Twenty years ago, Mark Alan Hughes received his Ph.D. in regional science from Penn. Since then, he’s racked up awards for his academic work, helped to design and create programs to help working families and was called one of the nation’s five best local columnists for his Daily News writings.
Recently, he’s worked as Senior Fellow at Penn’s Robert A. Fox Leadership Program, but when he entered the classroom in fall of 2006 it was with a different purpose—as a first-year student in the professional Master of Architecture program. “I kind of always wanted to go to architecture school,” says Hughes from his office in Leadership Hall. “I really really wanted to learn something I couldn’t teach myself.”
Since he had long stressed to his children the importance of learning and intellectual curiosity, he decided to be true to his word. Fortunately, he has a “fabulously generous wife,” who encouraged him to take three years to pursue the program. His kids are keeping an eye on his progress: “My daughter is closely monitoring my GPA,” he says.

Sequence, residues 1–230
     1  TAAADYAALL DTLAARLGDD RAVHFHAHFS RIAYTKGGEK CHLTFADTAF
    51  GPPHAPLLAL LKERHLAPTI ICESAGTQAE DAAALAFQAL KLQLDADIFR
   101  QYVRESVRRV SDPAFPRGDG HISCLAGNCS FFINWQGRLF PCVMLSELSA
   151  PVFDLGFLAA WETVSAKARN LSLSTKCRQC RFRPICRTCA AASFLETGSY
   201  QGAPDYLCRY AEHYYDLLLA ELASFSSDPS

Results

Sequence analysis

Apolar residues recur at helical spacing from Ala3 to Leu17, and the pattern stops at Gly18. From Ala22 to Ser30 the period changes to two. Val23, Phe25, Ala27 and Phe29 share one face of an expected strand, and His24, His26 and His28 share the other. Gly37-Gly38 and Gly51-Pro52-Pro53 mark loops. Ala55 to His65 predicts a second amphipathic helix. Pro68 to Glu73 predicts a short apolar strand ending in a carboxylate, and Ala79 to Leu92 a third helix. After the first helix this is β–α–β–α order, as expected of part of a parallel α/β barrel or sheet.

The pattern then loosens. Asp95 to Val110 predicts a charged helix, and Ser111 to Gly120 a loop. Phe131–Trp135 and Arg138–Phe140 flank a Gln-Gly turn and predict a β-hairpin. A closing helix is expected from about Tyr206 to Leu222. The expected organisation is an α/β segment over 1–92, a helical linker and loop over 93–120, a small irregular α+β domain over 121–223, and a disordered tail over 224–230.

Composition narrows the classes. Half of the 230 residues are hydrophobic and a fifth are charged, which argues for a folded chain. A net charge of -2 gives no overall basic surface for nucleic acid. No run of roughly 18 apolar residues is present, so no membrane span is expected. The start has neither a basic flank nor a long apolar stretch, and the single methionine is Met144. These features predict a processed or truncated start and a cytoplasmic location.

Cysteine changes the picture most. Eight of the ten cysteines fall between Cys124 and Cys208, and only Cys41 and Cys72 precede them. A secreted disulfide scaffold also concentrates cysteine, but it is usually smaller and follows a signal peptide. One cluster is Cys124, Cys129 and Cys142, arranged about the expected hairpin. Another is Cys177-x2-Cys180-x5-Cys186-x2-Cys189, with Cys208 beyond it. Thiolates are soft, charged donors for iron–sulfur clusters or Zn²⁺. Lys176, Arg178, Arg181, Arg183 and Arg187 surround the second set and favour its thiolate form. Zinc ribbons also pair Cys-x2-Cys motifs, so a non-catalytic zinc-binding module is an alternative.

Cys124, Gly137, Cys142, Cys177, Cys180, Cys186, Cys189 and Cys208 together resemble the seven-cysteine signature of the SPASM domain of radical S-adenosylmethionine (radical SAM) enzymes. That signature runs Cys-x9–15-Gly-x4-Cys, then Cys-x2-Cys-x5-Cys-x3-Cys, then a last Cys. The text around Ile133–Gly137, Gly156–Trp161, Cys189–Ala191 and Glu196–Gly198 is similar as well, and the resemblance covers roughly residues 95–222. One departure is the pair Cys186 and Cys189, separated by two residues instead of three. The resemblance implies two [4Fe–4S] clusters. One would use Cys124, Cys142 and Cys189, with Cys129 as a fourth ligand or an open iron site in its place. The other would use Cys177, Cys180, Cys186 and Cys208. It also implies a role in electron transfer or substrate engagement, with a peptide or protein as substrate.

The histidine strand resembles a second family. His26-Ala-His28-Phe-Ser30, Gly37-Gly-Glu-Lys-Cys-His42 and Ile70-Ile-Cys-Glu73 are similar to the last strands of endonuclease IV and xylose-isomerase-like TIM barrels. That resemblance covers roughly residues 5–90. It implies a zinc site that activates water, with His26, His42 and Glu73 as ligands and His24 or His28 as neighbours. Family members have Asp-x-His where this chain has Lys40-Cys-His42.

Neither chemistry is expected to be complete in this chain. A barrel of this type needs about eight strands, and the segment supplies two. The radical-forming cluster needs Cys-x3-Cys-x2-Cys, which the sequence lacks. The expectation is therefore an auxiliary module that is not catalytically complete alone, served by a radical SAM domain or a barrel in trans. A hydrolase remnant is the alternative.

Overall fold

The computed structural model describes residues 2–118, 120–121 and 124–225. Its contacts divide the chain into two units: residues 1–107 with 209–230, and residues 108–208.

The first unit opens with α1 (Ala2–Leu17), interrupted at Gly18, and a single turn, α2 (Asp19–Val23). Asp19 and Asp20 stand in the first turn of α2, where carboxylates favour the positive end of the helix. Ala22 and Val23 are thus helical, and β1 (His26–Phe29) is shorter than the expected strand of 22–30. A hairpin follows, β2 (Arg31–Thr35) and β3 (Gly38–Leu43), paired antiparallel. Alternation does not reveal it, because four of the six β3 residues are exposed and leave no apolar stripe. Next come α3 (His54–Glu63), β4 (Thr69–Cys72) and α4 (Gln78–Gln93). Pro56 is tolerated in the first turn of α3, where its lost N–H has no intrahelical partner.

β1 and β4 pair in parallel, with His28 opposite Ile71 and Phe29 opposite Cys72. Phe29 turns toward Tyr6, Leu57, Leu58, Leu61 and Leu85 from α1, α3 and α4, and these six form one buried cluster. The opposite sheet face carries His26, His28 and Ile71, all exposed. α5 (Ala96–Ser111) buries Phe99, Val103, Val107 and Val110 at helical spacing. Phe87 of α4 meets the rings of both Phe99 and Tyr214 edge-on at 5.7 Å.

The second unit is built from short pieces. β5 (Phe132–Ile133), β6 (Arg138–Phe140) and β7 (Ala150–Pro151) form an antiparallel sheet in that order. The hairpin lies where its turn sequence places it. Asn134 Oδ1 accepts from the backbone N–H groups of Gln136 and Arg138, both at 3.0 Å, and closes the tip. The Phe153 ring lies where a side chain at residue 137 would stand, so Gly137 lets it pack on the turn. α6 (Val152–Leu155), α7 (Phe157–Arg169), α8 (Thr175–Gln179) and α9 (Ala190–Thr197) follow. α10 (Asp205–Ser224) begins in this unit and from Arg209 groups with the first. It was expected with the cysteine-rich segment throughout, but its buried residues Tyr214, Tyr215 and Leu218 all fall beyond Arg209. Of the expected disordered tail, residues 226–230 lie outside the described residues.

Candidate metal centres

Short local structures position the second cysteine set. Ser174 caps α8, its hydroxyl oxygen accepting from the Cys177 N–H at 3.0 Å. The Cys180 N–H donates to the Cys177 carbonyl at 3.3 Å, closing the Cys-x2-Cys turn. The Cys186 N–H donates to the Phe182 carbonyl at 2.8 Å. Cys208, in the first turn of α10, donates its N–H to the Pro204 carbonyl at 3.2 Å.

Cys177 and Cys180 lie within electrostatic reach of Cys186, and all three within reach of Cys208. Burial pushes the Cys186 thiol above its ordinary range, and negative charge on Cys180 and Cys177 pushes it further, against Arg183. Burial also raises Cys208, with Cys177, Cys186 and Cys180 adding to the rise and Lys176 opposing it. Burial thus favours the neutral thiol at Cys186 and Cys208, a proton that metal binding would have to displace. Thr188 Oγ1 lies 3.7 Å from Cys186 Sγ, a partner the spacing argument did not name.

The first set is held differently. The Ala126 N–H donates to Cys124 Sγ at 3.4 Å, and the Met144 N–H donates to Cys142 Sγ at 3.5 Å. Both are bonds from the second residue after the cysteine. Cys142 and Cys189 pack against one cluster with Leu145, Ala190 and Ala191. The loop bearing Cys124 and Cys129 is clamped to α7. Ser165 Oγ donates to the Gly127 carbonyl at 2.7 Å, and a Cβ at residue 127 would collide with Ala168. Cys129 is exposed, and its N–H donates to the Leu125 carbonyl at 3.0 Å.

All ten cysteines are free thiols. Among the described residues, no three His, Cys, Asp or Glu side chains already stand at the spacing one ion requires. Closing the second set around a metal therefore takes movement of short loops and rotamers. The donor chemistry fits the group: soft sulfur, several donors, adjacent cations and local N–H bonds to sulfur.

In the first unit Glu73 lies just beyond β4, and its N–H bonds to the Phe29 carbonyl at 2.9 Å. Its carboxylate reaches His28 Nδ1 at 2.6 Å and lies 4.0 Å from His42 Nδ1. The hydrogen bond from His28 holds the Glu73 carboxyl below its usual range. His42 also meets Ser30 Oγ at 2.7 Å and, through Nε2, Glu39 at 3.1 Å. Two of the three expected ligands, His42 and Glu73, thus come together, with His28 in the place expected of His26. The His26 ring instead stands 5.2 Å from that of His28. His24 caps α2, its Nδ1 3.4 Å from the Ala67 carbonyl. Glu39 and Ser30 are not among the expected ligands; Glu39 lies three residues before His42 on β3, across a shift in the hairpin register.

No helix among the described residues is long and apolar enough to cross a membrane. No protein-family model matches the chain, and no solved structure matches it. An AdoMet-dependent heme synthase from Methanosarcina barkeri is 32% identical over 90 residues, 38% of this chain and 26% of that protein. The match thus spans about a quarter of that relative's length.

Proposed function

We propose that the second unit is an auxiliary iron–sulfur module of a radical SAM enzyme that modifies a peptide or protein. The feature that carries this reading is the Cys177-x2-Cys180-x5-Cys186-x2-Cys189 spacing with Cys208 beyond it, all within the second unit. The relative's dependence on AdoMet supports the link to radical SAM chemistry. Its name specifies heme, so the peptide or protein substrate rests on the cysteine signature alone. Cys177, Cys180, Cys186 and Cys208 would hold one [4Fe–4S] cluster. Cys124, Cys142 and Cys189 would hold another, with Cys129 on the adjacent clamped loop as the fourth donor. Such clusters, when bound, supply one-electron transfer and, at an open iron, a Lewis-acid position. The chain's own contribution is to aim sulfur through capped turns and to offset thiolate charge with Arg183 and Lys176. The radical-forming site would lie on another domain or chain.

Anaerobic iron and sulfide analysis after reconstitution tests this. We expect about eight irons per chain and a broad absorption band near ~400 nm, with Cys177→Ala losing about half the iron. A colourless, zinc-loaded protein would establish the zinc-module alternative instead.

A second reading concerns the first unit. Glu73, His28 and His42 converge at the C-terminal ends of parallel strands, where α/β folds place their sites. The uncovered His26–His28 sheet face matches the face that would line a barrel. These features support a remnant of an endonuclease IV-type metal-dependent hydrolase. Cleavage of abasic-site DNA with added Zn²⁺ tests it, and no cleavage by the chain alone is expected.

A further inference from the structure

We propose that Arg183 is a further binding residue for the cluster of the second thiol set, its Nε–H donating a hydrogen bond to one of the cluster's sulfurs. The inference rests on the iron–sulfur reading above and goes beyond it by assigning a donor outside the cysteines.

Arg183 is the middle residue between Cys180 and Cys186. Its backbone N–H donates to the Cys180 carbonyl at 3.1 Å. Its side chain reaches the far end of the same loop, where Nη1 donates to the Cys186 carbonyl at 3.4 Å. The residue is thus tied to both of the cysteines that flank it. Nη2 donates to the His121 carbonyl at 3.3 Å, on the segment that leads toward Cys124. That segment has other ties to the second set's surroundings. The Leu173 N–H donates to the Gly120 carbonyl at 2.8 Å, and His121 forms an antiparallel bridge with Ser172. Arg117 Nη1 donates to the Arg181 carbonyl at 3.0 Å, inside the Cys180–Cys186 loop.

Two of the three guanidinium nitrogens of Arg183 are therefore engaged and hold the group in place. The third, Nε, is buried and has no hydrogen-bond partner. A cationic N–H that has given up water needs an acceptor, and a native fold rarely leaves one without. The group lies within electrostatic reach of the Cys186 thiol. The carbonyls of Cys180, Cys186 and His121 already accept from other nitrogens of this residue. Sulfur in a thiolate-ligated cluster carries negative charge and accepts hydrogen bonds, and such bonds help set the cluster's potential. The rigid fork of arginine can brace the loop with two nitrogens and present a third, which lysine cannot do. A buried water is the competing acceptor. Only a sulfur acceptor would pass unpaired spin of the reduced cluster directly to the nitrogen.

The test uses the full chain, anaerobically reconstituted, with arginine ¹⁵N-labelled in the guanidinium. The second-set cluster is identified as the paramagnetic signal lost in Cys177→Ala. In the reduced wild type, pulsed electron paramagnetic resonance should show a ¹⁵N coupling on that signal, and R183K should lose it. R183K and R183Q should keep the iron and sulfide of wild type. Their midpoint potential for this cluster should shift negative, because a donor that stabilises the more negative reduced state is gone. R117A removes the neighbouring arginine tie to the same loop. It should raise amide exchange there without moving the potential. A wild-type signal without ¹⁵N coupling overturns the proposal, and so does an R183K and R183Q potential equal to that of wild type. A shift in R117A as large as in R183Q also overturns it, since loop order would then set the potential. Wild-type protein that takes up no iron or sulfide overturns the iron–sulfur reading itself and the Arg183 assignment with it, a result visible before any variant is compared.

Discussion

So far, Hughes has found the program to be tremendously stimulating and challenging. “The intellectual fervor in the School of Design is equal to any that I’ve ever experienced. It’s an amazing, exciting place.” Hughes has taken classes on construction (how to pour concrete and create a brick wall), structures (about trusses, beams and the like), environmental systems, history and theory, visual studies and the hands-on studio, which is the central experience. Faculty members critique students on their work, and Hughes laughs when recalling a comment from one of his jurors: “You’re going to be really dangerous when you get some design skills.”
School rarely ends at 6 p.m., but instead runs to 8 or 9 in the evening, and some nights he finds himself working until the wee hours. “The thing you can always say to people is, it’s an amazing amount of work,” says Hughes. “My personal goal is to survive.”
When he began the program, Hughes says he thought he’d miss drawing, but has quickly learned computers allow students to design and imagine in 3-D, in incredibly powerful ways. “[I had] the same attitude about the computer and drawing as I remember having 25 years ago about computers and writing,” he says. “It’s just not true.”
Hughes isn’t sure what will come after he finishes the program, but the Midwest native knows Philadelphia is the place for him. “I can’t imagine living anywhere else. It helps make everything feel a little less trivial to see all of that living accumulate in buildings.”
Hughes, who has put his Daily News column on hold, says the challenge for Philadelphia is to realize that the time is past when the city was powerful and affluent. “We are stewards of that past and survivors of a period where we’ve been in decline. It’s hard to be both a steward and survivor at the same time.”
Originally published on January 18, 2006
Originally published on January 18, 2007